The 3 B's of the Asian American Identity
NOTE: this article is purely satirical
As a proud member of “Subtle Asian Traits”, an international Facebook group with over a million second generation east asian members, I like to think that I am a seasoned veteran of the second generation life. Well ok, maybe I haven’t received my UC Berkeley admissions acceptance letter yet, or opened up my own boba startup, but that doesn’t make me less qualified, because I’ve live through virtually every other asian second gen experience: slaving away at chinese school, being too tan in asia, but too pale everywhere else, and most importantly, being threatened with no dinner after a particularly bad math test. Throughout all these experiences, I’ve come to the conclusion that the lifestyle of the second generation asian is built upon three simple tenets- the Three B’s. Brains, boba, and baggage.
The first B is a common stereotype about asians constantly perpetuated by the mass media- brains. And before you even ask- no. Not every single asian is naturally crazy good at math and science- not even close. Even though it’s not the case, it doesn’t stop the vast majority of our parents from wanting us to become math or science majors. This over-glorified image of the “typical asian” having to be an amazing math scholar or neurologist, constantly reinforced by both the media and a lot of asian parents, is what drives a lot of second gens to want to assimilate to the stereotype of being uniquely intelligent, leaving them in constant pursuit of “brains”.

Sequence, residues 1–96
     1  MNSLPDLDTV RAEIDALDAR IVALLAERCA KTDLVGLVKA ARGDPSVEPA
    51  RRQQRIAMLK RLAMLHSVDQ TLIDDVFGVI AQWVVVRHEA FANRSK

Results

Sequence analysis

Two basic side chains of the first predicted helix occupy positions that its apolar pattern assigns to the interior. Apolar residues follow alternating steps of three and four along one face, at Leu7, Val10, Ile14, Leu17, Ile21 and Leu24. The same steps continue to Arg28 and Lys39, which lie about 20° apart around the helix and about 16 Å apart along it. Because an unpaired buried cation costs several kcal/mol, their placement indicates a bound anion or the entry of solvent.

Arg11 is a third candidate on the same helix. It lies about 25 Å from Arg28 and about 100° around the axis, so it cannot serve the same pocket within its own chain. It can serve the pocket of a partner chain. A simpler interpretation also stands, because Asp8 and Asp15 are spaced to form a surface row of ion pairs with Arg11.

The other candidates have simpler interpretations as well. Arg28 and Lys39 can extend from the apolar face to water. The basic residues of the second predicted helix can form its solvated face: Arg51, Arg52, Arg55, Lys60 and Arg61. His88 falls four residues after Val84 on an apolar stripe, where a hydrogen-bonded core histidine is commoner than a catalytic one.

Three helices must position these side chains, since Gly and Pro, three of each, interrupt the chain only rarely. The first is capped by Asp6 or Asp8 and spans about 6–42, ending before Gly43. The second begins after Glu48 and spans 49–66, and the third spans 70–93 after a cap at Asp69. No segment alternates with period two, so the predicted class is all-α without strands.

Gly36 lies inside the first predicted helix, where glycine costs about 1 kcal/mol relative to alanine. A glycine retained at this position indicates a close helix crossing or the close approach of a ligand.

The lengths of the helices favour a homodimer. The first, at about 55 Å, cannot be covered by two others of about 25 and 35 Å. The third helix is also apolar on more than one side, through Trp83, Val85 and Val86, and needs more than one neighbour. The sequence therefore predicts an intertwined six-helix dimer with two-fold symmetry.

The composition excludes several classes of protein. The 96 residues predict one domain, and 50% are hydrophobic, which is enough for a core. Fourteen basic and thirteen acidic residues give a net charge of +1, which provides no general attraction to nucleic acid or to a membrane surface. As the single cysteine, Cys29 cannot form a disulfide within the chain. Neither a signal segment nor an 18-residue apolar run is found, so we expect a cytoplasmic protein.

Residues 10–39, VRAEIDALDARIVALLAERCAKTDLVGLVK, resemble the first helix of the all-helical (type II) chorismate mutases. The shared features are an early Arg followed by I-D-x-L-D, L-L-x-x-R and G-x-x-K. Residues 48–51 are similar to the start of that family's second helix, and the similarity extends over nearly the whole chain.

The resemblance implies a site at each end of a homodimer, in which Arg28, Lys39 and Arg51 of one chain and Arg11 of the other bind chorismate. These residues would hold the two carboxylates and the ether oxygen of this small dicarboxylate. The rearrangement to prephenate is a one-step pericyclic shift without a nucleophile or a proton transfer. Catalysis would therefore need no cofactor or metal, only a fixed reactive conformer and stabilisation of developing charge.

The second B is pretty self-explanatory, because who doesn’t love boba? As a kid who’s grown up compromising her “exotic” taste buds for the sake of fitting in, it was pretty exciting for me when boba milk tea, a delicacy from my homeland, started becoming mainstream. Finally, eating asian food was hip and trendy. That may explain why every second gen is inexplicably drawn to boba milk tea- other than the fact that it tastes amazing.
The third and final B is something that most second gens don’t exactly like to bring up- the baggage that comes with being the child of an immigrant. Although we all pride ourselves in being the product of two worlds colliding, often times, juggling two cultures can be both mentally and emotionally exhausting.
Whether it’s trying to convince your immigrant parents to let you hang out with friends on Lunar New Year’s Day, or having to explain for the fifth time why that "funny joke" is actually very racially insensitive, there is a lot of pressure that comes with upholding the cultures and values of two completely different cultures. There is a lot of pressure with living with a dual identity.